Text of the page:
Movie review: Glass

Movie reviews

Hello!

And welcome to a review of the most highly anticipated January movie that disappointed a lot of people. This is Glass!

IMDb summary: Security guard David Dunn uses his supernatural abilities to track Kevin Wendell Crumb, a disturbed man who has twenty-four personalities.

M. Night Shyamalan

The movie was directed and written by M. Night Shyamalan – the director that swings from most loved to most hated in a heartbeat. Glass was the third film in the surprise superhero trilogy, also consisting of Unbreakable and Split. Glass was also the film that was supposed to solidify Shyamalan’s return to success after The Visit and Split acted as his comeback (if you don’t remember or have blocked those memories, The Last Airbender and After Earth were the depths he needed to come back from).

Writing

The movie’s script was not great. It had a superb premise and an interesting goal – to create a psychological, realistic, and grounded explanation of superheroes. However, the execution and the final product were questionable at best. While I haven’t seen Unbreakable, I loved Split, and I feel like Glass did injustice to both.

The narrative made little sense. The comic book metaphors sounded cool but fell apart when you thought twice about the . The promise of the big showdown was never kept and the big finale just fizzled out. The twists were not surprising but just a Shyamalan-ian gimmick at this point. The secret society reveal made no sense. The released videos seemed like they would also accomplish the opposite effect – not encourage powers but turn more people against the superheroes. The end that the characters met was cheap: all three of them deserved better, as they all have been interesting throughout these movies.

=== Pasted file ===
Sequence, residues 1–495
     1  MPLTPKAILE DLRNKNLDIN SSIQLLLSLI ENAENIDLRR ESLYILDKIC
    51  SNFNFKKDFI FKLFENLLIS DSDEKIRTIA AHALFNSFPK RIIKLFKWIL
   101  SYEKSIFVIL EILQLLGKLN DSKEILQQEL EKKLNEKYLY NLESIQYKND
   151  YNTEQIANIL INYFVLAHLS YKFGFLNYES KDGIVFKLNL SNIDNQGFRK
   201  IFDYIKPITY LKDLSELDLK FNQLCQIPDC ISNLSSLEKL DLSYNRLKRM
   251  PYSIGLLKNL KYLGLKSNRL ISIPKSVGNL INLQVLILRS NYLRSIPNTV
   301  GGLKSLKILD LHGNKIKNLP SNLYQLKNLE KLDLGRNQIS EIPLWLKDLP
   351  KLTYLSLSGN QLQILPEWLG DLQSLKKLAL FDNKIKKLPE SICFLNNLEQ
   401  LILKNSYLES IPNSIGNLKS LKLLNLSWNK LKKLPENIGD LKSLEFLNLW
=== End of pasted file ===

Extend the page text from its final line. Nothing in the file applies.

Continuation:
Directing

The direction of the film was fine. Glass was quite slow and not particularly engaging. The big third act remained just a promise, probably for financial reasons as CGI is expensive and Blumhouse likes making movies on the cheap. Some cool scenes were crafted by the director, I give him that. He also managed to work well with the actors to get amazing performances out of them. But that may be more because of the caliber of the actors.

Acting

Not surprisingly, James McAvoy was truly the standout of the film. Samuel L. Jackson was good too even if a bit cartoonish. Bruce Willis was also good and it was nice seeing him in a film that is not just B level/straight to DVD actioner. Sarah Paulson should get props for playing a senseless character with such conviction too.

In short, Glass was just a glass of disappointment. Wow, that pun makes no sense.

Rate: 2/5

Trailer: Glass trailer